Tuesday, 25 May 2010

Can Neuroscience Save English?

Can ‘Neuro Lit Crit’ Save the Humanities?

Alice Rawsthorne, that prescient design critic of the International Herald tribune, had it right when she observed that 90% of our designers work for 10% of the world's population. A fortiori, 90% of our humanists work for the fiscally lucky 10% of all extant human beings.

As I look back in my retirement at sixty years of humanist activity, I deplore the prevalence of Iv(or)y Tower dominance in our "discipline". (My PhD in American Studies, 1957, Western Reserve, dead-ended in a new kind of cultural colonialism.)

I started to globalize English, first by assimilating AfroAm and Appalachian Lits into American Lit, then adding Canadian and Caribbean, African Lit. I decided my new rubric was International English by accessioning Commonwealth Lit.I couldn't resist the wiles of Lowell Blair, editor of Michigan State Press, when he introduced me to R.K.Narayan.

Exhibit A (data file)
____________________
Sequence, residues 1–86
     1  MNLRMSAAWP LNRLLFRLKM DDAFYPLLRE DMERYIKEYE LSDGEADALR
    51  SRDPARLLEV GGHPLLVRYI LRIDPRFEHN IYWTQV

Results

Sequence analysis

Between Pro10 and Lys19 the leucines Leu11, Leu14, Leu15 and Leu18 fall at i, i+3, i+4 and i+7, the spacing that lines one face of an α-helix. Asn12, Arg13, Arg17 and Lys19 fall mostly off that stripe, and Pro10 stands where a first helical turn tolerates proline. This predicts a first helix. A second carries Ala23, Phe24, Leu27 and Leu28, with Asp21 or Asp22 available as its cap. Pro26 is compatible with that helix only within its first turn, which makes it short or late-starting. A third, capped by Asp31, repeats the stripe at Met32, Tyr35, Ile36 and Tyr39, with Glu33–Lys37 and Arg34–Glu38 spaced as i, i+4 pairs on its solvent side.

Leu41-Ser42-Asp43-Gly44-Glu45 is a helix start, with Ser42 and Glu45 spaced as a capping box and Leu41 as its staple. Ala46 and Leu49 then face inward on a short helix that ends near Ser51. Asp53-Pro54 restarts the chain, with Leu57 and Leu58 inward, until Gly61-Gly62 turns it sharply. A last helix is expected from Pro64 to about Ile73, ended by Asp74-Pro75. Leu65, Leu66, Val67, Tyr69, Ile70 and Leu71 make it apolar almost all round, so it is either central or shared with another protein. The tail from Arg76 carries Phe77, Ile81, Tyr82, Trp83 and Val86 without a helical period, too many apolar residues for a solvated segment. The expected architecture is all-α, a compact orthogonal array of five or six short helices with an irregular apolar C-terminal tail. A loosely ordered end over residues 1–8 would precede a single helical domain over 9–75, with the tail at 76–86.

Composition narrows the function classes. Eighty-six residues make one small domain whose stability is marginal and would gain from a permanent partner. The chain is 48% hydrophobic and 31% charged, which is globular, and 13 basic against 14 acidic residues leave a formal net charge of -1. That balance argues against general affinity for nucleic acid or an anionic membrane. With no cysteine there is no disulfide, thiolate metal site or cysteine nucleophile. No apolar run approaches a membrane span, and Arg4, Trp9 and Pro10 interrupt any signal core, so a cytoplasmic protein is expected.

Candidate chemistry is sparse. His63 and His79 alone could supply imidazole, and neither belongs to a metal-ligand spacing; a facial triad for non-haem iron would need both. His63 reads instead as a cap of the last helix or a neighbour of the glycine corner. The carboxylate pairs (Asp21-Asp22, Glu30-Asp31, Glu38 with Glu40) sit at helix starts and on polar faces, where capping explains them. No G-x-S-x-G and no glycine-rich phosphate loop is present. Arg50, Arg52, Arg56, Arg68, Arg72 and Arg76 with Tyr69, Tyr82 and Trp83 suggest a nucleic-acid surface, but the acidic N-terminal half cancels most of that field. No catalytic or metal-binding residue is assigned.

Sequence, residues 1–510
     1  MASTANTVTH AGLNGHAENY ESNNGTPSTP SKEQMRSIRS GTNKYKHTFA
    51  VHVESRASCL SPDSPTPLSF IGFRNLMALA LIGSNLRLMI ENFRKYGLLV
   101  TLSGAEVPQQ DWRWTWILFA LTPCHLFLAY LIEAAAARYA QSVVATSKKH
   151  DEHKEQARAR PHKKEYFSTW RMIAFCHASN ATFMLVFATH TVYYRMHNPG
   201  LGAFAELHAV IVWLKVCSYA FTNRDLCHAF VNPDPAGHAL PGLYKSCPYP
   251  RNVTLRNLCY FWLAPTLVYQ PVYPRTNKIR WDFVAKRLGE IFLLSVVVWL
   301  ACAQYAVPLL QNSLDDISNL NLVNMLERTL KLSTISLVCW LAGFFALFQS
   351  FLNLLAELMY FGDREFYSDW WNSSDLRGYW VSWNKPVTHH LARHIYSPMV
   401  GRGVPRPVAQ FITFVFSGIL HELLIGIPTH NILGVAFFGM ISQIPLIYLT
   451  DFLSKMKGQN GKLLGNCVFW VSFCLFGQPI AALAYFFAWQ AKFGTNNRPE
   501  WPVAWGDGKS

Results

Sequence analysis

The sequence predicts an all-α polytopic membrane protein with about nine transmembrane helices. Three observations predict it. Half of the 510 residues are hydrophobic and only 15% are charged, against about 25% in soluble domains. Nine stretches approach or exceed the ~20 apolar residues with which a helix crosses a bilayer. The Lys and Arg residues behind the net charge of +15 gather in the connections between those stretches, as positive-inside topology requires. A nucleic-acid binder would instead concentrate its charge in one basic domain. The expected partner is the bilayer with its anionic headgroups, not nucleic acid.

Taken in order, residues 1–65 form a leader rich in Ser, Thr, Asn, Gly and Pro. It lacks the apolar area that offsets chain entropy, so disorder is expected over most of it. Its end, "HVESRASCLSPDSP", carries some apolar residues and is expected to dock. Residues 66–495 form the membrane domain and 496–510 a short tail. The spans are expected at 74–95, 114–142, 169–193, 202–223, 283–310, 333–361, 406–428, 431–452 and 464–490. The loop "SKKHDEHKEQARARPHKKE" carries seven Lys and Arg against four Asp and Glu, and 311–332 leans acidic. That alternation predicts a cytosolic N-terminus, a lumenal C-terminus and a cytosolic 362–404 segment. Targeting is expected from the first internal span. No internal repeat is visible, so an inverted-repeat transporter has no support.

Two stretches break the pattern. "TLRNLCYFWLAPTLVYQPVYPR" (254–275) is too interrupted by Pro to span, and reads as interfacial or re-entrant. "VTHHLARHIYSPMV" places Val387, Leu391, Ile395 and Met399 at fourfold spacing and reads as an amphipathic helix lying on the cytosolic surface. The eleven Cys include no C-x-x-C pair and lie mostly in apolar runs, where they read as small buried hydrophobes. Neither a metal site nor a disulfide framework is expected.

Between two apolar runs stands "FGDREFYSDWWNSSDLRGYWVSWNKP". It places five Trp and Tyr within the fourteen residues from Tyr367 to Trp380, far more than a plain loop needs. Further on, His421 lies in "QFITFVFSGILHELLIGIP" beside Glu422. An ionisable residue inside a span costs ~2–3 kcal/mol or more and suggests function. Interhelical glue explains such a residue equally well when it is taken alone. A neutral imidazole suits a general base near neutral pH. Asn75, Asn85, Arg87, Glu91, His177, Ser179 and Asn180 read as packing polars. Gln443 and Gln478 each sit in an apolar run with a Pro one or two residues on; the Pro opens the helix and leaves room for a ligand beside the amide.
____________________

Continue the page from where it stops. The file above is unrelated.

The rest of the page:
English is not a fiefdom for $100,000 professors and legions of untenured peons. It is a profession ideally suited to helping the masses become more humane in our first global era. We first abandoned the common schools and secular media to an unexamined consumerism in our hunger to make it big in the "Humanities". We abandoned our natural charges to the hysterical hijinks of the likes of Rush Limbaugh and Glenn Beck.

And now we want to bury our heads in another sandbank of polysyllabic foolishness. We have forgotten that the simple mandate of the humanities is to help the under-tutored to be more humane. At least that's why I value literature.

What we need is the literary equivalent of Cameron Sinclair's Architecture for Humanity and their Bible, "Design Like You Give A Damn." We don't need more Ph.Ds in the Humanities. We need more savvy elementary and high school teachers to lead the least supported out of their urban hellholes.

University presidents with million dollar salaries should be cashiered as phony humanists. Ninety percent of the humans alive today are suffering subhuman lives. Our curricula should be designed to save them inhumane lives. That's why literature and the arts are crucial.

Patrick D.Hazard
April 6th, 2010

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